Lisa Shaw, Christopher Price, Sally McLure, Denise Howel, Elaine McColl, Paul Younger, Gary A Ford
BACKGROUND: High blood pressure (BP) during acute stroke is associated with poorer stroke outcome. Trials of treatments to lower BP have not resulted in improved outcome, but this may be because treatment commenced too late. Emergency medical service staff (paramedics) are uniquely placed to administer early treatment; however, experience of prehospital randomised controlled trials (RCTs) is very limited. METHODS: We conducted a pilot RCT to determine the feasibility of a definitive prehospital BP-lowering RCT in acute stroke...
December 2014: Emergency Medicine Journal: EMJ
Heinrich J Audebert, Jeffrey L Saver, Sidney Starkman, Kennedy R Lees, Matthias Endres
Brain cells die rapidly after stroke and any effective treatment must start as early as possible. In clinical routine, the tight time-outcome relationship continues to be the major limitation of therapeutic approaches: thrombolysis rates remain low across many countries, with most patients being treated at the late end of the therapeutic window. In addition, there is no neuroprotective therapy available, but some maintain that this concept may be valid if administered very early after stroke. Recent innovations have opened new perspectives for stroke diagnosis and treatment before the patient arrives at the hospital...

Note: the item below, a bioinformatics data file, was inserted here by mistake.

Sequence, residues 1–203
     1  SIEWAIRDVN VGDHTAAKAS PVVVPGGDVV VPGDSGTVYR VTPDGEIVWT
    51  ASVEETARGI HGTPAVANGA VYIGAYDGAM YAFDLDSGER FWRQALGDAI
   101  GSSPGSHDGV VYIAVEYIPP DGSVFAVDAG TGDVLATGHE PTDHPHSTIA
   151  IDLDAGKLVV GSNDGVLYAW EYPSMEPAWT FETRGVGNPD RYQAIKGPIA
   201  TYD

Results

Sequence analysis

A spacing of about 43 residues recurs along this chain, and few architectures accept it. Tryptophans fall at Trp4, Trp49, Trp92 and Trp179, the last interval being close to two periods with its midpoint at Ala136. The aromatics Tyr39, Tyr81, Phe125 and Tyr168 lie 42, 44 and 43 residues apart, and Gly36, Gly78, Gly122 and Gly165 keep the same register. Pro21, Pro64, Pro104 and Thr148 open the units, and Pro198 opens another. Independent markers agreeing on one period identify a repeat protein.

July 30, 2013: Neurology
Jamsheed A Desai, Eric E Smith
In acute ischemic stroke, time is brain. Current guidelines recommend that the time from arrival at hospital to initiation of administration of tissue plasminogen activator, also known as the door-to-needle (DTN) time, should be 60 min or less. However, DTN times in practice usually exceed this recommended time. The median DTN times from the American Heart Association/American Stroke Association Get With The Guidelines-Stroke program and the multinational Safe Implementation of Treatment in Stroke International Stroke Thrombolysis Register are 75 min and 65 min, respectively...
July 2013: Current Atherosclerosis Reports
Jonathan R Studnek, Andrew Asimos, Jodi Dodds, Doug Swanson
OBJECTIVES: The primary objective of this study was to assess the effectiveness of two prehospital stroke screens in correctly classifying patients suspected of having a stroke. Secondarily, differences in the sensitivity and specificity of the two screening tools were assessed. METHODS: We performed a retrospective assessment of the Cincinnati Prehospital Stroke Scale (CPSS) and the Medic Prehospital Assessment for Code Stroke (Med PACS) between March 1, 2011, and September 30, 2011, in a single emergency medical services (EMS) agency with seven local hospitals all classified as stroke-capable...
July 2013: Prehospital Emergency Care